The morning after Australia failed to qualify directly for next year’s World Cup, a defiant Socceroos coach Ange Postecoglou brushed aside criticism of his coaching style and said he had “survived much worse.”
That’s unlikely to placate some of his detractors, including former Premier League players Mark Bosnich and Robbie Slater, ahead of Australia’s two-match series with Syria next month — despite Postecoglou getting a fresh endorsement from Football Federation Australia.
“I won’t be pushed into the shadows of Australian football history like others,” Postecoglou said Wednesday. “I don’t make anything of (the criticism) and I won’t waste my time responding to it.”
Australia had a narrow 2-1 win over Thailand on Tuesday night in Melbourne despite having three-quarters of the possession, 45 shots and comprehensively outplaying the visitors, who had failed to win a match during the qualifying round. That left the Socceroos with 19 competition points, a total equaled later in the evening by Saudi Arabia when it beat already-qualified Japan 1-0 at home.
But Saudi Arabia had a better goal differential — plus-seven to five for Australia — so the Saudis advanced as the second team in Group B along with Japan to qualify directly for Russia in 2018. Iran and South Korea qualified as the top two teams in Group A.
The third-place teams in each group — Australia and Syria — will play a home-and-away series in October, although Syria will likely play its home game at a neutral venue because of the civil war raging back home. Those matches are scheduled for Oct. 5 and then Oct. 10.
The winner of that series will then have to play the fourth-place team from the CONCACAF region, which takes in North and Central America, in an intercontinental home-and-away series in November for the right to play in Russia.
A tough road to take, and one that could have been avoided if Australia had made more of its chances against an overmatched Thailand on Tuesday.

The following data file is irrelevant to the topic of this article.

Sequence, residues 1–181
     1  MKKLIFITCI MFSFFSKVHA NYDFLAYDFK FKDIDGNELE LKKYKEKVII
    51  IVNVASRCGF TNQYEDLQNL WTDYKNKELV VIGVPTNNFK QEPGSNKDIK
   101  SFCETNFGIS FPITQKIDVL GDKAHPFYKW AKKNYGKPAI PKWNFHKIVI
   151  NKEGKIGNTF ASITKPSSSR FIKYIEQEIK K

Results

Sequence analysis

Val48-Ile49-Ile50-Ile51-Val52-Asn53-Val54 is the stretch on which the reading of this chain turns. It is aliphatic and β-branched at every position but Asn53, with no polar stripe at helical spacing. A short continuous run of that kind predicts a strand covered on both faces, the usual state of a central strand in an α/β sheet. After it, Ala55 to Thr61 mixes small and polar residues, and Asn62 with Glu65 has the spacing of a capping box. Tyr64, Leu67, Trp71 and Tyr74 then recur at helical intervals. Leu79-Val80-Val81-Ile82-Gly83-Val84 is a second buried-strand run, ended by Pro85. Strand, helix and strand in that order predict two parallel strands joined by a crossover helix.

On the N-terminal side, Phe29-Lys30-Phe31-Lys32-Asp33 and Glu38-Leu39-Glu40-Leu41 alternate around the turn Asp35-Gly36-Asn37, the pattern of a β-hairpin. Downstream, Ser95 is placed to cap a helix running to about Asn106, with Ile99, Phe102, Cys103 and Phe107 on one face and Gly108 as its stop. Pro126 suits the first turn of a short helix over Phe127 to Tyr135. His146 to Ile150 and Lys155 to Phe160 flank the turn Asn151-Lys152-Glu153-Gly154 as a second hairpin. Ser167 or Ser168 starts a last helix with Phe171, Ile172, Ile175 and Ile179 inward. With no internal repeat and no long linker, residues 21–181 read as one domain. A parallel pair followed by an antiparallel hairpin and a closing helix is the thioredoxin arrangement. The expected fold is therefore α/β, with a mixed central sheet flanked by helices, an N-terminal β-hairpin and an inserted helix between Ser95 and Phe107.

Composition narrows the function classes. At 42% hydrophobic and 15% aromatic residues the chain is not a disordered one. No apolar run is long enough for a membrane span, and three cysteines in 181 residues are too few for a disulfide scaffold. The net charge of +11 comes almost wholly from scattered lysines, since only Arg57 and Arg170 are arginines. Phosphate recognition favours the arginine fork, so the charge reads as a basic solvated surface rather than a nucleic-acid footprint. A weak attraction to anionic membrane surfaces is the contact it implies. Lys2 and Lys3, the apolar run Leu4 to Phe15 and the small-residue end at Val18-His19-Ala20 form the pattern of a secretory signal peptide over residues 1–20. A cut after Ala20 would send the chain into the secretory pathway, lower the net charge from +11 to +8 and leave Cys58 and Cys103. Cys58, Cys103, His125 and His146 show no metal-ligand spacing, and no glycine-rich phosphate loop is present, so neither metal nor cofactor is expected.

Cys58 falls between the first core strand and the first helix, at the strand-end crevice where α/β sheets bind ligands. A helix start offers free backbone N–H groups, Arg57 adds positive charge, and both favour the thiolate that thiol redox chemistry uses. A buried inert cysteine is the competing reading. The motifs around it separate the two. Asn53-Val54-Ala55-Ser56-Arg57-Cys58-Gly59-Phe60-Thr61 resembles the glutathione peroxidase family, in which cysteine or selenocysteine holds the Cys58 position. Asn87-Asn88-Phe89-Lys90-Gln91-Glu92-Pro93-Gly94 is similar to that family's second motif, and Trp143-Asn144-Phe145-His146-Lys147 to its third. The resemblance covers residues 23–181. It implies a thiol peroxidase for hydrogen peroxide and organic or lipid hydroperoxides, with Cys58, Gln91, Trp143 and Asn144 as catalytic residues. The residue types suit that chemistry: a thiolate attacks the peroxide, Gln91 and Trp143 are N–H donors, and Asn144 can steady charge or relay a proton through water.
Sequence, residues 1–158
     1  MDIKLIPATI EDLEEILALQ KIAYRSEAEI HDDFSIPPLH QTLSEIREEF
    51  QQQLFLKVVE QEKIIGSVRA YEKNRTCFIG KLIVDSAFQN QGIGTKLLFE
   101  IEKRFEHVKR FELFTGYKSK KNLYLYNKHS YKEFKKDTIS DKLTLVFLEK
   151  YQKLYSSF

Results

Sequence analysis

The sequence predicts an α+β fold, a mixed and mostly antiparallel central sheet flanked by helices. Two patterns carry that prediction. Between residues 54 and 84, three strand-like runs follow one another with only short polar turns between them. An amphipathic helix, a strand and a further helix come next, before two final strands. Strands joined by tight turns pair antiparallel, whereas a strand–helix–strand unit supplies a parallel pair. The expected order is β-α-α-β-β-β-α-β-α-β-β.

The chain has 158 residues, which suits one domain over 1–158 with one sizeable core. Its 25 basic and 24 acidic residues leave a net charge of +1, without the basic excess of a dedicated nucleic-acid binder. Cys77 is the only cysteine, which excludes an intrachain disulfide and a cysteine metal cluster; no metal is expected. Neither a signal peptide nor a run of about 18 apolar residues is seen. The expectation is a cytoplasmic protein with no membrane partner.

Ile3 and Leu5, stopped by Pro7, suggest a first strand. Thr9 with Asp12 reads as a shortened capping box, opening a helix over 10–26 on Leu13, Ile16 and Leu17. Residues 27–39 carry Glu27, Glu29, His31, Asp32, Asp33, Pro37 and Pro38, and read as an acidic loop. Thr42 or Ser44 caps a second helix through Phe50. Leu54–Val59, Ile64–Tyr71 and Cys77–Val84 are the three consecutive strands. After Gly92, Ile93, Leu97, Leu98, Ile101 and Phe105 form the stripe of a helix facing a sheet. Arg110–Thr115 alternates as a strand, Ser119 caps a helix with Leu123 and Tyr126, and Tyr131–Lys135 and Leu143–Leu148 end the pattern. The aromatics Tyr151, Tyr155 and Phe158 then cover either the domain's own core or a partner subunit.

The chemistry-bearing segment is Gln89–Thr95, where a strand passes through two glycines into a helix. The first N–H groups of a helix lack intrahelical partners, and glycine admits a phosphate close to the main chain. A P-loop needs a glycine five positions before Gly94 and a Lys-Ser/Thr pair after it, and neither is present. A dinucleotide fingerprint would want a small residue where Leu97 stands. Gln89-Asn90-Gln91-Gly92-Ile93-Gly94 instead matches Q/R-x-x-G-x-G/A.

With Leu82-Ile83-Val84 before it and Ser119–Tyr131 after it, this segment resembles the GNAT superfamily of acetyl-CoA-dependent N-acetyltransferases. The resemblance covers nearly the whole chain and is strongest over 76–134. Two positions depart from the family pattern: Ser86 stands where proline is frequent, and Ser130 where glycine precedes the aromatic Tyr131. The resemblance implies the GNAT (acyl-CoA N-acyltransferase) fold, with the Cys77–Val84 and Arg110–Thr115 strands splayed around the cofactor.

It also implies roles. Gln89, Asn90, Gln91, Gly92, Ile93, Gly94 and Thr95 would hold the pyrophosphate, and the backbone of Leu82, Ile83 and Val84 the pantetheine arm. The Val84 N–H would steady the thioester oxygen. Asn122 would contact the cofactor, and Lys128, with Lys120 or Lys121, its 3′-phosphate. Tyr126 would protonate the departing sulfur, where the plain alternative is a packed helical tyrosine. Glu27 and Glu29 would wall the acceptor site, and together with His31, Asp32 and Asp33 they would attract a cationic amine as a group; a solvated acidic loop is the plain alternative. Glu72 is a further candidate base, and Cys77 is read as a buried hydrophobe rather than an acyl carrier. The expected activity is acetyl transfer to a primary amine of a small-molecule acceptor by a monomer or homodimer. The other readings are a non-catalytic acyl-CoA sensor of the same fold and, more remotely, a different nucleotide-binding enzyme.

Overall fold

Former Manchester United goalkeeper Bosnich, now a television commentator, suggested Australia should face Syria with a new coach.
“At the moment, he’s hanging by a thread in my opinion,” Bosnich said of Postecoglou. “There should be serious consideration given to the fact we need a different voice because those players, regardless of what they’re saying publicly, aren’t responding like they used to.”
Bosnich was particularly critical of Postecoglou’s 3-2-4-1 setup.
“Don’t be using the national team as an experimental laboratory, it’s too important for that,” Bosnich said. “We’re not England or Brazil or federations with a lot of money. We are strapped for cash and this game in this country needs us to qualify for the World Cup all the time.”
Slater, who played 44 matches for Australia, said it was “time for a change.”
“We need a new approach!” he posted on Twitter. “We now need saving.”
Postecoglou became Socceroos coach in 2013, determined to stamp an Australian approach on the game plan after taking over following an eight-year run of mostly foreign managers including Guus Hiddink, Pim Verbeek and Holger Osieck. He had built up his credentials in the domestic A-League after being replaced as coach of Australia’s under 20-team in 2007 when the team failed to qualify for U-20 World Cup that same year.
The 52-year-old Postecoglou obviously had that on his mind Wednesday morning while reacting to the latest criticism.
“I took the role to do it a certain way and I’ll see it through,” he said “The Australian football industry chewed me up and spat me out 10 years ago. This is nothing new. I’ve survived much worse than this and if anything it motivates me to keep going because I want to make sure Australian football gets on the right path.”
Asian Cup champion Australia only lost one game in the third round of World Cup qualifying — a 2-0 defeat in Japan last week.
If FFA chief David Gallop has his way, Postecoglou will survive at least in the immediate term.
“We are fully behind Ange,” Gallop told Australian Associated Press. “While it was a frustrating night with so many close chances, we are focused on assisting Ange and the staff and the team in preparation for the critical playoff games.”